Insight by EY

How to turn data into foresight instead of hindsight

Andy Ho, the senior manager for data and analytics at EY, said as agencies continue to collect and analyze more and more data, they need to put the processes an...

The Federal Aviation Administration (FAA) handles about 45,000 flights a day and that number is only increasing. The FAA predicts a 4.7% annual increase in demand for passenger flights over the next two decades.

This data doesn’t include drones and other unpiloted vehicles.

This is why the FAA is applying new and emerging technologies to understand and make its data more valuable.

In 2008, the FAA and the aviation industry developed the Aviation Safety Information Analysis and Sharing (ASIAS) program. ASIAS has drawn together a wide variety of safety data and information sources across government and industry, including voluntarily provided safety data.

But as the data continues to grow, the FAA and its partners are working together to figure out how to improve how they bring together data to drive decisions, especially those around safety, and to mitigate other risks.

Andy Ho, the senior manager for data and analytics at EY, said the FAA is not alone in this challenge. He said the amount of data every agency is collecting and analyzing means they have to figure out how to manage it all to find value.

“Today, you can use data in general for hindsight, and they call that business intelligence. Everyone’s good at that, whether it’s through an Excel spreadsheet or a dashboard,” Ho said on the discussion Government Modernization Unleashed. “But what’s going to be more important is having foresight. And that foresight really means that you have to look at your data, and training needs to actually have a good picture of what could happen; therefore, machine learning and artificial intelligence can actually capitalize on it, use it and then spit out some of the predictions for you.”

The FAA, for example, not only has to manage the national airspace with traditional airplanes, helicopter and other aircraft, but now drones, air taxis and other growing parts of the system add complexity to the environment.

“The reality is we now have sensors that are capturing data at a much higher atmosphere level. Therefore, there’s just a lot of investment that needs to go into it to account for all the new things that are happening,” he said. “We have people who like to shoot rockets into space, right? We have all the new entrants so, taking that in consideration, you really need to start thinking about how do you want to modernize your data, whether it’s going to be through your people, your process or the technology itself.”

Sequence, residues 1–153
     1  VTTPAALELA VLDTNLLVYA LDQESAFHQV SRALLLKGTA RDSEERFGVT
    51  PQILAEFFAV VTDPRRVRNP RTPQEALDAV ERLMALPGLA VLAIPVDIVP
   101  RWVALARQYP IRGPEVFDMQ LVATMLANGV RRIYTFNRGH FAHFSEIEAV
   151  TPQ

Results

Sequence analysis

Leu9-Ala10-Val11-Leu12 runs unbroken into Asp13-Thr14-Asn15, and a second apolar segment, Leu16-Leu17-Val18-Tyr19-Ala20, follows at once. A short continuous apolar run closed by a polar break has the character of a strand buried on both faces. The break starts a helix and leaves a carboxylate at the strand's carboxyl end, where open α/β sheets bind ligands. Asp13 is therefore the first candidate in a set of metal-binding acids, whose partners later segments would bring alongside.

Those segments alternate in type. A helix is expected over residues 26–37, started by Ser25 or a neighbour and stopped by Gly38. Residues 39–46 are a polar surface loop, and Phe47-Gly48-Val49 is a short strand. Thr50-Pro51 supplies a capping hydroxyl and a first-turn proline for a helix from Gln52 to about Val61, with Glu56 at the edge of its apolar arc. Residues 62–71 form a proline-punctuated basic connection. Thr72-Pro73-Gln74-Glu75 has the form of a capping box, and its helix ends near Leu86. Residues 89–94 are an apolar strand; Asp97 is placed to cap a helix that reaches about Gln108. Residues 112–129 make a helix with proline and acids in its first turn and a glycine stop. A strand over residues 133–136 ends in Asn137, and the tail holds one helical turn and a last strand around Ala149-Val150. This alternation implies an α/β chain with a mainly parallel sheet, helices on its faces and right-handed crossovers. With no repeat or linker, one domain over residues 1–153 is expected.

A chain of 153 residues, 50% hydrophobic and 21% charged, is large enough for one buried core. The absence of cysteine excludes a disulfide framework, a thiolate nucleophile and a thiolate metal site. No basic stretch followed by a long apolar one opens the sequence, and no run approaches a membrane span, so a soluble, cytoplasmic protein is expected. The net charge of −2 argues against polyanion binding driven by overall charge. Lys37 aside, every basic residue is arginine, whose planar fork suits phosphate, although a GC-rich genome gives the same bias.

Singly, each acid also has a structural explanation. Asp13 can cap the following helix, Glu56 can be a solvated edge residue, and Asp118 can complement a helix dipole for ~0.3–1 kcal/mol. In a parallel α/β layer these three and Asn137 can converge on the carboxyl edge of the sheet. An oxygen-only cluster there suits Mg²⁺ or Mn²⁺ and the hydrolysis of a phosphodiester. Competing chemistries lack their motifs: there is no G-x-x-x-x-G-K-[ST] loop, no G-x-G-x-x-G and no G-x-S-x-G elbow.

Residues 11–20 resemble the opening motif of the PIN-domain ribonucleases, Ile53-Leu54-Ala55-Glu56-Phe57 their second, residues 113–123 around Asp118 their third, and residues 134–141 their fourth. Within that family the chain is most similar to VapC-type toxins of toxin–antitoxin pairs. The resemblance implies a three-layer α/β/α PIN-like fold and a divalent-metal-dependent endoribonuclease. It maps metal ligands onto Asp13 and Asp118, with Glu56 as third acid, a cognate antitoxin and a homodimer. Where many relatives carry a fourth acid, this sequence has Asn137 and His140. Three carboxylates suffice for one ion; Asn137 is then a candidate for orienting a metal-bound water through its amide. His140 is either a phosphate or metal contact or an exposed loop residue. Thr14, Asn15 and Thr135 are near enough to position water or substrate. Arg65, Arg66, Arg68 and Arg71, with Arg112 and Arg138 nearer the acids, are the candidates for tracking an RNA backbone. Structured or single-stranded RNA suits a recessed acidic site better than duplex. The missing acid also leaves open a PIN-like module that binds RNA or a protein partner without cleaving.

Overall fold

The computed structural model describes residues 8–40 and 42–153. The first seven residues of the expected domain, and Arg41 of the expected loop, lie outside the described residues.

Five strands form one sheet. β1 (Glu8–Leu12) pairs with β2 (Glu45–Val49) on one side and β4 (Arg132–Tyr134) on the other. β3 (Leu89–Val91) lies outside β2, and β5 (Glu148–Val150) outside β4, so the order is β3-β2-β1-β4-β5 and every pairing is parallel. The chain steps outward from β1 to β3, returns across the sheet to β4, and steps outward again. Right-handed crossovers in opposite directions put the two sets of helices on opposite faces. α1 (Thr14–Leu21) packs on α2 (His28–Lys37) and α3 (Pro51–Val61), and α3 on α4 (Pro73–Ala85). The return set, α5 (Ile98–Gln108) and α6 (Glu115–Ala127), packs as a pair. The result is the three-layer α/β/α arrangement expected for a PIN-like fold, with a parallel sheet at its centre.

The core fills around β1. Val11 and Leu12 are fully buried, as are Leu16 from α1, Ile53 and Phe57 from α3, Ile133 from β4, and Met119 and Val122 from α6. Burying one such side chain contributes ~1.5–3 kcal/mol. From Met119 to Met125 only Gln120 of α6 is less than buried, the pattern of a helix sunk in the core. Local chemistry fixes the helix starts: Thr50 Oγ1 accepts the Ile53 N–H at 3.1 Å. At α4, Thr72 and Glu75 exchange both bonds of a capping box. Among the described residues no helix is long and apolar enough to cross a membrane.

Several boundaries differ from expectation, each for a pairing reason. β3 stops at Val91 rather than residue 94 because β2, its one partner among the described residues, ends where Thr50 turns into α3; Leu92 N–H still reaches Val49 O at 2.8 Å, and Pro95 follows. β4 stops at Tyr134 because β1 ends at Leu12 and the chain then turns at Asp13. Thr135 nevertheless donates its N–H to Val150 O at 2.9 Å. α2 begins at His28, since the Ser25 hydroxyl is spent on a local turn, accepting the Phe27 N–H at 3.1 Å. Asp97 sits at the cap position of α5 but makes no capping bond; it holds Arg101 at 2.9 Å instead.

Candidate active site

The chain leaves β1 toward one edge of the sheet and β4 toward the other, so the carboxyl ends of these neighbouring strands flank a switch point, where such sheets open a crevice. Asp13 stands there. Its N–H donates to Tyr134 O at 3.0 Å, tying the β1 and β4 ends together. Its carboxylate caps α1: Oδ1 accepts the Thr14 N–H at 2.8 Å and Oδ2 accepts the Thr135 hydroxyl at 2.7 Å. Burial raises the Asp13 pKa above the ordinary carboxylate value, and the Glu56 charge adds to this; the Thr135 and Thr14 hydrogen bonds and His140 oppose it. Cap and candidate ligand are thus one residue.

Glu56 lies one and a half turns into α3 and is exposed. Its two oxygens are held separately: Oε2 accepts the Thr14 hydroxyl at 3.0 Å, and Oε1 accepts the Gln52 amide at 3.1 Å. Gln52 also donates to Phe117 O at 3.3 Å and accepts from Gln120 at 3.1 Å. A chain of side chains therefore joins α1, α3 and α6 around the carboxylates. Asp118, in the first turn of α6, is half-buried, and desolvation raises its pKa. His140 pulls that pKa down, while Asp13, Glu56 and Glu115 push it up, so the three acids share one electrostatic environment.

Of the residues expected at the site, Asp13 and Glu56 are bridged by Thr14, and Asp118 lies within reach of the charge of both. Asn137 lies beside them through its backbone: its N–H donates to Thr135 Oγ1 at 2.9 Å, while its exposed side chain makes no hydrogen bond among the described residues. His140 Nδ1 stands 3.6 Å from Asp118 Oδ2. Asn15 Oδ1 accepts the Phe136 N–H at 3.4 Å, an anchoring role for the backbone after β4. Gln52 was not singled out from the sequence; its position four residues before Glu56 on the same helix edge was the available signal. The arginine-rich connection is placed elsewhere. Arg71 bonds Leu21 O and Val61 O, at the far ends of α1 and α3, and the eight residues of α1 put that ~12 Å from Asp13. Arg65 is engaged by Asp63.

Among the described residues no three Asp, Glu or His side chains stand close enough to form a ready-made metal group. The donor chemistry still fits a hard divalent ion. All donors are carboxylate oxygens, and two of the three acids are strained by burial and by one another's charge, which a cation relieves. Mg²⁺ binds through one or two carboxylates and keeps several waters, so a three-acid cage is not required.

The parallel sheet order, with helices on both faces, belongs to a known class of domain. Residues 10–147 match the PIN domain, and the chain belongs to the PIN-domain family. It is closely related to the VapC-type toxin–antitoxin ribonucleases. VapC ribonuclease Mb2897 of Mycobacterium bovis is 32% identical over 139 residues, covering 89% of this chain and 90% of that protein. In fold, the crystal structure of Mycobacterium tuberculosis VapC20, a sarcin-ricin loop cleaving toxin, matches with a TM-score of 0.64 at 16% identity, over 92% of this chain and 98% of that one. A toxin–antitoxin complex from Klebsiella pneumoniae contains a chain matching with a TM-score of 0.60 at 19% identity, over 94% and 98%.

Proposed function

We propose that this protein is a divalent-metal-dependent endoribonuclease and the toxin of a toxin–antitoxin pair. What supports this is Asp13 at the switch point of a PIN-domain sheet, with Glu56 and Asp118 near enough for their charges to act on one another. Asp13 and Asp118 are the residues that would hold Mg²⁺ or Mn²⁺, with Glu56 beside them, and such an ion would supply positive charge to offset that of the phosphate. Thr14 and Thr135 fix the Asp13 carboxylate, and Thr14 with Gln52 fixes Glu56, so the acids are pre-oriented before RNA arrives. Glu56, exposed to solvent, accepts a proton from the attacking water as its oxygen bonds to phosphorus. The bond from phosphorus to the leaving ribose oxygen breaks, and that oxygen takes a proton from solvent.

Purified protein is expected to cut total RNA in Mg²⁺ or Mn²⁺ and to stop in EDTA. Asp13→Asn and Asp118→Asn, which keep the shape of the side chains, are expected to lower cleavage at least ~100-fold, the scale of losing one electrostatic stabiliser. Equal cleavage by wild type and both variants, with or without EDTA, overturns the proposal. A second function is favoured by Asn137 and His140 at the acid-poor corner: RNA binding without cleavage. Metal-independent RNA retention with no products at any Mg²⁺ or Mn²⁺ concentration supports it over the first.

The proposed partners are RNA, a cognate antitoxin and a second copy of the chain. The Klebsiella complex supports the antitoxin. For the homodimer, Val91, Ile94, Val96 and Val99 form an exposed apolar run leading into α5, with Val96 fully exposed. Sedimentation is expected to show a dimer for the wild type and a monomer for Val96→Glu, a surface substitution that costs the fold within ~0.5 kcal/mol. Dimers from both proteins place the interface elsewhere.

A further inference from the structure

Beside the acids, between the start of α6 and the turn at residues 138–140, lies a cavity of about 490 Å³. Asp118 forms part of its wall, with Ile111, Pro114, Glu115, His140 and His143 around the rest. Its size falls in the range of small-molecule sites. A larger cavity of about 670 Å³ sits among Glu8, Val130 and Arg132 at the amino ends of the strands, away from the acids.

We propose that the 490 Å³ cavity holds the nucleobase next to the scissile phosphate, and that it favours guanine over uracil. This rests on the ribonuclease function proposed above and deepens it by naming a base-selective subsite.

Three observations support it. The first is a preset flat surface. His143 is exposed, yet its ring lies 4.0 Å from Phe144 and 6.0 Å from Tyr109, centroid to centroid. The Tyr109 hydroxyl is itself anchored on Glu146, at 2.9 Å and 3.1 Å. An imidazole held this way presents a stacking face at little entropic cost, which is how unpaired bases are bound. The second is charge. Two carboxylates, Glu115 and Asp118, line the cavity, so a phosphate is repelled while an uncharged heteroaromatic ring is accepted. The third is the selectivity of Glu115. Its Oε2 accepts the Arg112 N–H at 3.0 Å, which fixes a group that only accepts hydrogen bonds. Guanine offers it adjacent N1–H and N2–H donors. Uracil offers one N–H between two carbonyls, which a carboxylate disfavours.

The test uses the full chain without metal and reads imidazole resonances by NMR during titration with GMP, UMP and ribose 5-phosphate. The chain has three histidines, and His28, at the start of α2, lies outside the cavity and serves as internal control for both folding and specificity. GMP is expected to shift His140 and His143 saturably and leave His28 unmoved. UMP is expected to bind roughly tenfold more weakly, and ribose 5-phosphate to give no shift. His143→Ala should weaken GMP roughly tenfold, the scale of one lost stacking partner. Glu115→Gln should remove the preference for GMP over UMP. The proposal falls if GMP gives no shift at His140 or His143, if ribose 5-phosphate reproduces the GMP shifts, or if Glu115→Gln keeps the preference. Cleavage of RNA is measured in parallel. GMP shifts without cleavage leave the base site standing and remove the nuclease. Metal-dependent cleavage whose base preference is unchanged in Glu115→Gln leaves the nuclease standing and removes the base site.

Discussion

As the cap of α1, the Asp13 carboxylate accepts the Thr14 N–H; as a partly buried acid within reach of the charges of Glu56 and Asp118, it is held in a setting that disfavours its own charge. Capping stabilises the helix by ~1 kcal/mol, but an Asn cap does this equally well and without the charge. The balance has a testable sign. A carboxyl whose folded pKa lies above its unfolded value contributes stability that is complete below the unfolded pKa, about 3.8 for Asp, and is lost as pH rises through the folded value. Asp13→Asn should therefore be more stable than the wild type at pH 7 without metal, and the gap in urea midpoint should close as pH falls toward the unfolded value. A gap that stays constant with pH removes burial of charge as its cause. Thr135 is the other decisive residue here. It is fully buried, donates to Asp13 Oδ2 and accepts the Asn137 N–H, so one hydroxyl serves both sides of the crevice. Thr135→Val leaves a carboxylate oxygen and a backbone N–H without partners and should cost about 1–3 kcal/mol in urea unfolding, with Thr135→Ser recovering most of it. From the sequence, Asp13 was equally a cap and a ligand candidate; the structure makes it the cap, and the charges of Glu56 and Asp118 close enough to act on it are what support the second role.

Skillsets, training for the workforce

As agencies evaluate all three of the legs to the data stool—people, process and technology—Ho said the key is to fuse the information across real or potential siloes. The data scientists, engineers and architects play key roles in transforming the data, especially for AI/ML tools to use effectively.

“When you think about the different layers of data there is really the presentation layer, which in the past was Excel spreadsheets where you had to create your macros and then start to put the bar charts in and cut and paste and put it in PowerPoint. Now, individuals are using dashboards. Those dashboards are dynamic as well as they can be fed real time data, or at least near real time,” he said. “That removes the individual from having to curate that data and is actually infusing what we call selection bias. There’re a lot of benefits. There’re many ways that individuals can actually pull the data, manipulate and play with it, as well as visualize it and gain insights for their agency.”

Ho said as the tools continue to evolve as do the workforce and processes surrounding the data.

Increasing need for data readiness

The concept of data readiness is creating taxonomies and ensuring users have faith and trust in the data.

“You have to make sure you continue to put in the right data management principles, the right data strategy in place and then from there really align how your data will accelerate your business goals,” he said. “I think most people really focus on the technology, or just buzzwords we’re using, like AI. But the truth is, there’s a lot that goes into it. That is not the coolest thing to do, but it’s the most important thing to do.”

The other important thing is for agencies to ensure their workforce is trained and has the right skillsets to make the best use of the data and the associated tools.

Ho said leaders have an “obligation” to continually invest in the workforce.

“A leader needs to be able to plan short term and long term. I know that we’re all under pressure to make sure that we fulfill today’s mission, as well as our business plan activities, but truly, ask the question: If in five years I’m not here in this role anymore, am I leaving this place at a better state? So one thing to think about as you deploy data analytics and different types of solutions is, are you putting all your eggs in one basket? Are you depending too much on one type of tool? Is that tool one that everyone knows how to use? Or does it require special training?” he said. “A lot of it is coming back to being sustained, scaled and making sure that you can find people in the future that can continue to work on it. There are a lot of different things to think through, but I would say those are the top three that come to mind, making sure that you build for the future while still maintaining your current present goals.”

Listen to the full show:

Copyright © 2024 Federal News Network. All rights reserved. This website is not intended for users located within the European Economic Area.

Related Stories